[Reporting from the Congo Heartland]
We had clear skies and a cool temperature as we pushed our two giant wooden canoes (pirogues) off the bank into the Maringa River. The crowd that had gathered to watch us pack now waved and shouted, wishing us bon voyage.
Two pirogues, 14 people, 16 cans of fuel, 12 or so trunks and bags of gear, sacks of rice and food staples, two complete satellite internet dishes, a crate or two of beer, a backpack full of cash to pay park guards, and some fresh wriggling catfish thrown on top for good measure.
For the first couple hours we sat quietly in our small Congolese wood-and-wicker chairs, watching the forest pass us. There was no river bank. The water simply met the wall of trees and flooded inland.
Every now and then we passed a small encampment (homestead? village?) and the people came out of their simple bamboo and thatch homes and watched us go by. A fisherman in a long, shallow and slender pirogue would shout a greeting, holding up fresh fish to sell.
The water of the Maringa – which is a major tributary of the famous Congo River – was deep black. Not dark and murky like coffee – more glossy like a hard black candy. The river is wide and shallow; the surface was still and reflected vivid images of trees or other boats.
I can’t resist the cliché of quoting from Heart of Darkness, as Marlow slogs up the Congo in search of the mad Mr. Kurtz:
“Going up that river was like travelling back to the earliest beginnings of the world, when vegetation rioted on the earth and the big trees were kings.”
I’ll leave out the bits about despair, losing your mind, and utter gloom.
A few hours later we pushed aside the chairs as best we could, rolled out a tarp and voila! – we were set for sleep. We lay there like slugs wrapped in our rain jackets.
I managed to sleep but woke up a few hours later with my entire right arm asleep and my legs soaking in a puddle. I rang the flight attendant for a pillow and warm blanket, but she never came so I rolled to my other side and shivered until dawn.
Just past 6am we stopped at one of the encampments to have a toilet break and brew some coffee. The people living here greeted us warmly, not even surprised that two boatloads of strangers showed up to use their fire and pee behind their house. “This is the way it is here,” Jef said. “It’s no problem.”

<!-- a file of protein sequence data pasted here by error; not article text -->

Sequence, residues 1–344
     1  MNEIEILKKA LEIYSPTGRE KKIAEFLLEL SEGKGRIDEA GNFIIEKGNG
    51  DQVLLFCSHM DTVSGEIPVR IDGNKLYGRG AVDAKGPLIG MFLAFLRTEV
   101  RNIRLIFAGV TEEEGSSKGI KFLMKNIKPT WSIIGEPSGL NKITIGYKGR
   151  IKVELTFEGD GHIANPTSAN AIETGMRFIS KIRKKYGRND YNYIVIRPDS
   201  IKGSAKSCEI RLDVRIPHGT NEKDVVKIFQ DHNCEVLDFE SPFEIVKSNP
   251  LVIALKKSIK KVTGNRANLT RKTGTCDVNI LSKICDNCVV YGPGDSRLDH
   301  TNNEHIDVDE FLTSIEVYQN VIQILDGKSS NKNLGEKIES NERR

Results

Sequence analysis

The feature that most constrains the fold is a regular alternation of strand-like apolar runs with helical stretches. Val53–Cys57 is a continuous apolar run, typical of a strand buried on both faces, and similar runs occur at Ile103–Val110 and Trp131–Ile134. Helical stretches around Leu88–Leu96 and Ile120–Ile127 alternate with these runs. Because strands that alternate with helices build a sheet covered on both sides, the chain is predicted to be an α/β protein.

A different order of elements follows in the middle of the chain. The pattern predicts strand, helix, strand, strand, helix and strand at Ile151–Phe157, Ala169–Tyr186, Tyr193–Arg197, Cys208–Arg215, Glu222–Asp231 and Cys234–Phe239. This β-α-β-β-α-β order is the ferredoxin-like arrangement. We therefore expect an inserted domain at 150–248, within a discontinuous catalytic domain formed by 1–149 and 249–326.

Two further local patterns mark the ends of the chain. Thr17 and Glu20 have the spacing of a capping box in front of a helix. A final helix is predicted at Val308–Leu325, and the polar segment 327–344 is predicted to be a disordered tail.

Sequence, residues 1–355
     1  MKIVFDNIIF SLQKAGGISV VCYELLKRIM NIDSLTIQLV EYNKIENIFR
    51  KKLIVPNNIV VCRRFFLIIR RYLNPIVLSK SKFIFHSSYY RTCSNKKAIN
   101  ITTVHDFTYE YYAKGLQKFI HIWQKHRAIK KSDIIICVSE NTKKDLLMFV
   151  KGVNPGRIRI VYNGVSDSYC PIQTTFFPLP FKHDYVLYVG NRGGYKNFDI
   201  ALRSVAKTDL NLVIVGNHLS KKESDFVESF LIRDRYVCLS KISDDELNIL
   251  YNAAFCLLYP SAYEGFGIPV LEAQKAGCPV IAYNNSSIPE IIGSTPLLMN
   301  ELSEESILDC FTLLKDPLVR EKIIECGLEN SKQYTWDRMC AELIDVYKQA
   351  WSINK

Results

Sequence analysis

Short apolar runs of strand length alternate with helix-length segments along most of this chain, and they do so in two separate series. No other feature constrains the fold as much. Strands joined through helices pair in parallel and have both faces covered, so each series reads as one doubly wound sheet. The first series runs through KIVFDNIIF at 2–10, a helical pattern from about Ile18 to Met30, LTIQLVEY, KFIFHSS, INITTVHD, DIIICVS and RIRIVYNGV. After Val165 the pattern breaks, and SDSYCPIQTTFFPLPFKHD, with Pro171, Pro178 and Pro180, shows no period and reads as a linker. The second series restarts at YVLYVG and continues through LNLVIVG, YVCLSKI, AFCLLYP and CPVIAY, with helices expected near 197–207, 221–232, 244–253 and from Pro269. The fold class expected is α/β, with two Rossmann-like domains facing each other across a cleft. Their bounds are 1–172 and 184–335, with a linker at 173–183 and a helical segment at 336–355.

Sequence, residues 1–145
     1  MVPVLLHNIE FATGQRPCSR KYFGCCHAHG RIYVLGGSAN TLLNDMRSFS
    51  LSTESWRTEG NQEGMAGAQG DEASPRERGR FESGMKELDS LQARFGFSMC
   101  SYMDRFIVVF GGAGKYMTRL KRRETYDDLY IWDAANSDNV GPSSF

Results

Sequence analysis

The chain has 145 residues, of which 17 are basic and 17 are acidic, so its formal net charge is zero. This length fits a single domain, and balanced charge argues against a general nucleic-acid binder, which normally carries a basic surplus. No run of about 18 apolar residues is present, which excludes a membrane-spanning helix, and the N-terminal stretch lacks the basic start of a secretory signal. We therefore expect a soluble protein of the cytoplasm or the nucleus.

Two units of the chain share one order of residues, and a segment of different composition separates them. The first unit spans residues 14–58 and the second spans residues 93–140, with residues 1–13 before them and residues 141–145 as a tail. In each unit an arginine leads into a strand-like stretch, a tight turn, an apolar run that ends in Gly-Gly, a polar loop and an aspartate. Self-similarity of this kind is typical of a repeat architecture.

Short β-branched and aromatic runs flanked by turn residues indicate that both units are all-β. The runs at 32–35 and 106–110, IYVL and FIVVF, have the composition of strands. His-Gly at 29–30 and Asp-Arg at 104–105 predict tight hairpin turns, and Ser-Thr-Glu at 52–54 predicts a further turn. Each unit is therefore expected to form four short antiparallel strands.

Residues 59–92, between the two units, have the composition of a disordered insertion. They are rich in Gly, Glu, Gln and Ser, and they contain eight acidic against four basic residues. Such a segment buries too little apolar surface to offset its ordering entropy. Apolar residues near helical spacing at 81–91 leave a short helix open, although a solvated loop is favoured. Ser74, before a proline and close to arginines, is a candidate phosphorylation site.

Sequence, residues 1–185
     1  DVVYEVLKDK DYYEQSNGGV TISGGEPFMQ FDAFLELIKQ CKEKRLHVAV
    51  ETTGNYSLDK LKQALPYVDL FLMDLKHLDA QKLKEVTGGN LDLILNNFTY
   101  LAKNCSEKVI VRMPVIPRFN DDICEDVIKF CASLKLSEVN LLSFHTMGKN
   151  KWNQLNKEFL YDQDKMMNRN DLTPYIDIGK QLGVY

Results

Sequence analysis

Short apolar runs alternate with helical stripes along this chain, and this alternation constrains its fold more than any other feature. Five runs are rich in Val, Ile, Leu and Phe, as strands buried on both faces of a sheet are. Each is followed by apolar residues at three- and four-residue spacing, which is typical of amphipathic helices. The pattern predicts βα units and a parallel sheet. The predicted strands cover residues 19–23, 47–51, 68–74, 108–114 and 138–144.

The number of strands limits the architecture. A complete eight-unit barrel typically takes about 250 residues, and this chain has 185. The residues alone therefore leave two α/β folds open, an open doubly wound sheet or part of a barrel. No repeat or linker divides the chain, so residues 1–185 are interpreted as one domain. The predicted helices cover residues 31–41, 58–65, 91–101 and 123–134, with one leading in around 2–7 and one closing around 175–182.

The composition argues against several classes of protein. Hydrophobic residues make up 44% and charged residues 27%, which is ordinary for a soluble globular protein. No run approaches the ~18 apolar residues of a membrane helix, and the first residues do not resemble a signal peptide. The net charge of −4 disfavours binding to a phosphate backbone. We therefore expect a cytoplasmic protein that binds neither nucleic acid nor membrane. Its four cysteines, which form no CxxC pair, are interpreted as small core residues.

We continued upriver for another several hours and then the river split. Valentin Omasombo W`Otoko, our Protected Area Manager / conservation scientist, who’s research camp is our destination, excitedly told us that we were now on the Lomako river which bordered the Lomako reserve.
I’m not making this up: soon after we entered the reserve, we started seeing wildlife that was not present downstream. A group of white egrets perched on a snag didn’t take flight. A black mangabey fed on fruits in the canopy. Five Black-casqued Wattled Hornbills glided over us. A black and white colobus jumped through trees, the long white hair on his back could be seen.
“A couple years ago, you would not see that,” Jef said. “They would have heard us coming and escaped into the forest.”
The sun was out in full force now and sat there baking. Tsetse flies found us. We scrambled to swat them but one found its way up my trousers and got me good. “Don’t let it bite you,” I was told after a couple juicy welts were already swelling.
Several hours later, hungry, tired and dehydrated we arrived in the village of Lingunda, where we will spend two nights.
This is the way of life for our staff in the Congo Heartland. Traveling to a project site takes 25 hours in a canoe complete with cold rain, hot sun, biting tsetse flies. Yet no one complains.
And as I learned the following day, this is not even the most challenging part of their work environment.
Paul began with AWF based in Nairobi for a year, before moving to Washington DC. Paul has worked at the Madrid Aquarium and at The Marine Mammal Center in the Marin Headlands outside San Francisco. He was born in New Zealand but grew up in the San Francisco Bay Area. Paul received his B.S. in Wildlife Ecology and Management at the University of Michigan’s School of Natural Resources and Environment. He is a member of the Emerging Wildlife Conservation Leadership initiative and is working on a conservation campaign to combat the illegal trade of Asian pangolins. Paul enjoys photography, travel, hikes in the woods, music, and nyama choma.
AWF Blogs bring you to the critical landscapes we work in, where conservation benefits both wildlife and people alike. The blogs are written by our staff - men and women who have dedicated their lives to Africa's wildlife, people and wild lands.
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